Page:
I suppose they try to put the blame onto the electrician. Mine categorically refused to install that garbage. It's a wise move, for he doesn't want to lose his license and even less kill off his customers.I would be interested to know how dangerous they really are. In theory, they should be a safety hazard, but are the manufacturers pulling several tricks which makes them *technically* safe (but also incredibly dangerous if incorrectly installed?)
It's funny how discussions of electrical hazards brings out all sorts of attitudes. Policy here is not to finely distinguish between a mere potential lethal shock hazard, and one that is proven fatal. The potential is quite enough to urge non-usage.Norfindel, if the conditions are ideal to die could you please reference a known death using such units? I don't care how cheap you are or what the laws are in your country, units like that aren't installed if there is a serious imminent risk to human life, potential sure, eminent no.
How likely does that sound? How does the wet environment affect the hazard? Is there any corroboration to the use of the structure to carry current?I'd heard stories that one of their electricians had actually wired up the steel super structure of a hoist to carry live 220, mind you this was in a wet environment. No one died there or was seriously injured.
Is the case so clear cut that an absolute dividing line may be placed? "This circuit will knock you unconscious, but it will never be fatal" - "this circuit will kill you every time".It is in all honesty VERY difficult to get electrocuted even if something is wired so horribly wrong as to make it relatively dangerous.
How does a wet environment effect the hazard? Why would you even ask that question, if you know what electricity is and can do the dangers of a wet environment are apparent. The case of an electrified hot water shower while it is a wet environment is a special case because there is an air gap between the conductor and the water, aside from whatever capacitive storage the surface of the water droplets have there is no charge transfer possible except in very specific cases that are difficult to produce, much like sticking a fork in an electrical outlet (there are documented lethalities concerning that)How likely does that sound? How does the wet environment affect the hazard? Is there any corroboration to the use of the structure to carry current?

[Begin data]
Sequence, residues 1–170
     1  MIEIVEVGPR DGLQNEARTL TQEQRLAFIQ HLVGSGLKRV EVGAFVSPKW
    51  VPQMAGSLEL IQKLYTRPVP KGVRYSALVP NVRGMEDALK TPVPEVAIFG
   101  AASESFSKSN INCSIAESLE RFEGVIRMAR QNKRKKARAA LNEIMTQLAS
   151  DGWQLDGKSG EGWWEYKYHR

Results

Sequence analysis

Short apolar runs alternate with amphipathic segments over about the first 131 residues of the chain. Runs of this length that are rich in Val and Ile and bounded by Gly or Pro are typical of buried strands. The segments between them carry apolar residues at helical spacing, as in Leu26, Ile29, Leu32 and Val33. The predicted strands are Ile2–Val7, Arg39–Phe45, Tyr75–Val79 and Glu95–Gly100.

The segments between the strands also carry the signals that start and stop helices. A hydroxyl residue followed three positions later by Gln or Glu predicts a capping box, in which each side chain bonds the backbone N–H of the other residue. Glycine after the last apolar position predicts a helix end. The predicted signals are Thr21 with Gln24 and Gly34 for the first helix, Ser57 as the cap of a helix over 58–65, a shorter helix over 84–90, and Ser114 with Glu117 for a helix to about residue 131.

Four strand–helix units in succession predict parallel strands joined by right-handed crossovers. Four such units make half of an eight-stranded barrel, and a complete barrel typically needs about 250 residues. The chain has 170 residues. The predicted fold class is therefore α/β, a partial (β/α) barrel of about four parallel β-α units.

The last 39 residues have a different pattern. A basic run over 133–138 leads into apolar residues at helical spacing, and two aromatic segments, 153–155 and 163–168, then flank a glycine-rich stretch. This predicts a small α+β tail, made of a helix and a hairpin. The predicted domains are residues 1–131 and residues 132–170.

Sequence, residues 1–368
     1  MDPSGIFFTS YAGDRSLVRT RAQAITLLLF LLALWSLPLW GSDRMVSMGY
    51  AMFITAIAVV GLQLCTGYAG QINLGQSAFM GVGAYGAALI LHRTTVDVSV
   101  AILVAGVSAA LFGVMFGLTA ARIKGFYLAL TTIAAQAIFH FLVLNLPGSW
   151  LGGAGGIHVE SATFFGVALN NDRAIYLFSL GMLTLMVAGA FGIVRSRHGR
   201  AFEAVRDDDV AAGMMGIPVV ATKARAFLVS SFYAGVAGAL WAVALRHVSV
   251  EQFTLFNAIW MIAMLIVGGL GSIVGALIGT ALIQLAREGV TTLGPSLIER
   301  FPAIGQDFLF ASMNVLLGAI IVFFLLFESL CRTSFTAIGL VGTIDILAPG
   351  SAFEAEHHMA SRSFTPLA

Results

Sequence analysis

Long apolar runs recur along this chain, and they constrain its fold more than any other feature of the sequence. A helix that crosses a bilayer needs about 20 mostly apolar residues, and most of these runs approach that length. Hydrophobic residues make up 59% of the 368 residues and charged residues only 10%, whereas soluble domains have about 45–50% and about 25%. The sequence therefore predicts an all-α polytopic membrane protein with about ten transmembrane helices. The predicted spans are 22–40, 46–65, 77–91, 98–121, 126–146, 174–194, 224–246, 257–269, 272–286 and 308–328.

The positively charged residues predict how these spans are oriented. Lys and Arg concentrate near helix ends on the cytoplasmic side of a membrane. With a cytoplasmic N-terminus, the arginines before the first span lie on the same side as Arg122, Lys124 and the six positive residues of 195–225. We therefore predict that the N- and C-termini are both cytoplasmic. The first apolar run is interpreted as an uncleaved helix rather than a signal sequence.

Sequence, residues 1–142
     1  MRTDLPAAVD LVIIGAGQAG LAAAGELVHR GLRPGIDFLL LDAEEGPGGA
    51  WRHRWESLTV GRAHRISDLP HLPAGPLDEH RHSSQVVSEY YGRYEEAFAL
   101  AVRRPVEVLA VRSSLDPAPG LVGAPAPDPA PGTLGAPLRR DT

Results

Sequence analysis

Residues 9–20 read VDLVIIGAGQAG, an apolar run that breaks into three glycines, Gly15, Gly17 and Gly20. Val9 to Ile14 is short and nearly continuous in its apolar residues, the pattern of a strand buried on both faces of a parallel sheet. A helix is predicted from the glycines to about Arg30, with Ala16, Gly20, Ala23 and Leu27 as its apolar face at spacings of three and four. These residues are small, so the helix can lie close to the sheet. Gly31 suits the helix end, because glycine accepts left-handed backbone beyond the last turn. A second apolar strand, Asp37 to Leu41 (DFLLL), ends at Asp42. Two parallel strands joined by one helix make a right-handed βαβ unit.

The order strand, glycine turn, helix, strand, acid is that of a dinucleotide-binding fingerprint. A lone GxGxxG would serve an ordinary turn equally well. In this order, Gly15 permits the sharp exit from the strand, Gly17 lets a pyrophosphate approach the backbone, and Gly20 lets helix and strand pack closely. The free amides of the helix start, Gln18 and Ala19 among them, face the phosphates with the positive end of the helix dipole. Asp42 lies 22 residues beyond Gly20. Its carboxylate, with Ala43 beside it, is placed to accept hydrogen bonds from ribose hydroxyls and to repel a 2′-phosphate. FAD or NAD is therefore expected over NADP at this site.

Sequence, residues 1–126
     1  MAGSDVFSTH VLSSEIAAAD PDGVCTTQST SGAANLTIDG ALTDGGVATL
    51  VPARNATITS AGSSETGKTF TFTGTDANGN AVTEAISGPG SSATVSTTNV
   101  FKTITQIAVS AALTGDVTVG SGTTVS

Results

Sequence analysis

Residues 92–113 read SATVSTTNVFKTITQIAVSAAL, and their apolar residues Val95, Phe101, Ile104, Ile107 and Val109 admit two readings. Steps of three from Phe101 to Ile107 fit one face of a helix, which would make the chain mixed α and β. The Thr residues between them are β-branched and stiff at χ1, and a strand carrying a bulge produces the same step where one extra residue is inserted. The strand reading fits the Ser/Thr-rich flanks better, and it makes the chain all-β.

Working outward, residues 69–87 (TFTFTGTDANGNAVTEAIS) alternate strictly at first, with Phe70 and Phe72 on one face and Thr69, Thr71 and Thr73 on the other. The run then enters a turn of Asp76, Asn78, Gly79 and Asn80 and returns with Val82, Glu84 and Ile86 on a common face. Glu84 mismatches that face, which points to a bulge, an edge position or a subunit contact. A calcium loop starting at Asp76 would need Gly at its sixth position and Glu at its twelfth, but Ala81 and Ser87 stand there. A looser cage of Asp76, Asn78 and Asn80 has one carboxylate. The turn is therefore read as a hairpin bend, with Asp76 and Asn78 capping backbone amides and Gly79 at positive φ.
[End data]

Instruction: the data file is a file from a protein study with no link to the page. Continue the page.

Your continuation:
In exactly the same way as your quote at the top, what convincing evidence do your have for us of
Is your point that running power along steel framing is:Light industrial/manufactoring environments are by large and far brick walls and concrete floors, often bare. The steel structure anchored into a concrete floor will have no good ground, unless it is explicitly supplied one.
I agree 100%, I didn't say such a thing, the value's I listed were from a noted study. Their values of resistance are calculated from the known environment, and if such measures can be guaranteed to remain in effect non-lethal current flow can be guaranteed not to occur. This is not 100% saftey, there are an unknown number of additional grounds from any given circumstance, but general satety risk can be calculated under known conditions.Taking the position that coming in contact with a live conductor while on concrete because standing on a concrete floor somehow confers perfect safety is unreasonable.
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by Kate Smith